MANILA - Community pantries are popping up in Metro Manila in response to hunger and unemployment due to the COVID-19 pandemic.
"You don't have to be rich to help others," Bing Hernando, co-organizer of Elisco Community Pantry in Pateros, told ANC Tuesday.
Hernando said she and her neighbors were inspired by the community pantry set up in Maginhawa Street, Quezon City.
In Matiyaga Street, Quezon City, residents also put up a community pantry, which serves at least 200 individuals daily.
"'Yan ang essence ng community pantry, walang masyadong bureaucratic process. Puwedeng kahit sino ang pumila regardless of your background. Sino ka man, basta may pangangailan ka, andiyan ang community pantry para makakuha ka ng pangangailangan mo," said Elijah San Fernando, organizer of Matiyaga Community Pantry.
(That's the essence of community pantry, there's not much bureaucratic process. Anybody can line up regardless of your background. Whoever you are, if you have something you need, the community pantry is there for you.)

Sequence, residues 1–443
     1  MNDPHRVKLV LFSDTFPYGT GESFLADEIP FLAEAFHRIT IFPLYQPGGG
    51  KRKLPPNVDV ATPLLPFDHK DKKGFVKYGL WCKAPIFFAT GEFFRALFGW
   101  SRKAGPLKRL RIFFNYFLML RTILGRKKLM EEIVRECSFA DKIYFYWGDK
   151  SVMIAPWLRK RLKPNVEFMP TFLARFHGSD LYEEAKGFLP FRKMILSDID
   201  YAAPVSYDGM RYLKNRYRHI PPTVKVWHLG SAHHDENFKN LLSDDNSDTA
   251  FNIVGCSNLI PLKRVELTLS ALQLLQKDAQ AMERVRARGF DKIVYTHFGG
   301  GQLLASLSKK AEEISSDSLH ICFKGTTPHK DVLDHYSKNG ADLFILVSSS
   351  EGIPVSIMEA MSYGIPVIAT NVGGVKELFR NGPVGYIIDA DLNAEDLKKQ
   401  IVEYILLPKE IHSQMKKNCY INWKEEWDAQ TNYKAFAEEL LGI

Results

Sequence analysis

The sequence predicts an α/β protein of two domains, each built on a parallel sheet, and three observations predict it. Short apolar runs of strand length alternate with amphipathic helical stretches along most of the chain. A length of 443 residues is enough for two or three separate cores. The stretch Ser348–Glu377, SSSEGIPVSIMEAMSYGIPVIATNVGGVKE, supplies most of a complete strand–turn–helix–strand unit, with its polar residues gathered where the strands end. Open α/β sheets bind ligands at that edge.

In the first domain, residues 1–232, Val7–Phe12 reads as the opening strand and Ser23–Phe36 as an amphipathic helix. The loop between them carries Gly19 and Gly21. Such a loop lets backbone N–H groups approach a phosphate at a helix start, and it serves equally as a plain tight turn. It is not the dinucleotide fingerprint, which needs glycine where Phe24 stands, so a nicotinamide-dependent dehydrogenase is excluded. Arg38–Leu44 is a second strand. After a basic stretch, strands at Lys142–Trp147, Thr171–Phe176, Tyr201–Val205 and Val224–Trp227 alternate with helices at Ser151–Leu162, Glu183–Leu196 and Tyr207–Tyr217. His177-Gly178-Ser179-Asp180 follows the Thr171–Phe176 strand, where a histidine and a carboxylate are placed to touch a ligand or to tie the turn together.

Despite red-tagging of law enforcers of some community pantries, San Fernando said they would continue to serve those who were in need.
"Kung ang pagtulong sa nagugutom ay isang masamang bagay, kung ang pagtulong sa mga nangangailangan ay masamang bagay, then we are guilty as charged. Kasi tutulong kami kahit ano ang sabihin ng mga tao. Patuloy na mage-exist ang community pantries. The community pantries are existing simply because of the solidarity of the community," he said.
(If helping the hungry and the needy is a bad thing, then we are guilty as charged. Because we will help whatever people say. The community pantries will continue to exist...)
Hernando also urged politicians not to hijack such cause for their own selfish agenda.
"Sana huwag na pumasok 'yong mga politiko kasi nga (I hope politicians will not use this because) it is a joint effort with the community and with the residents," she said.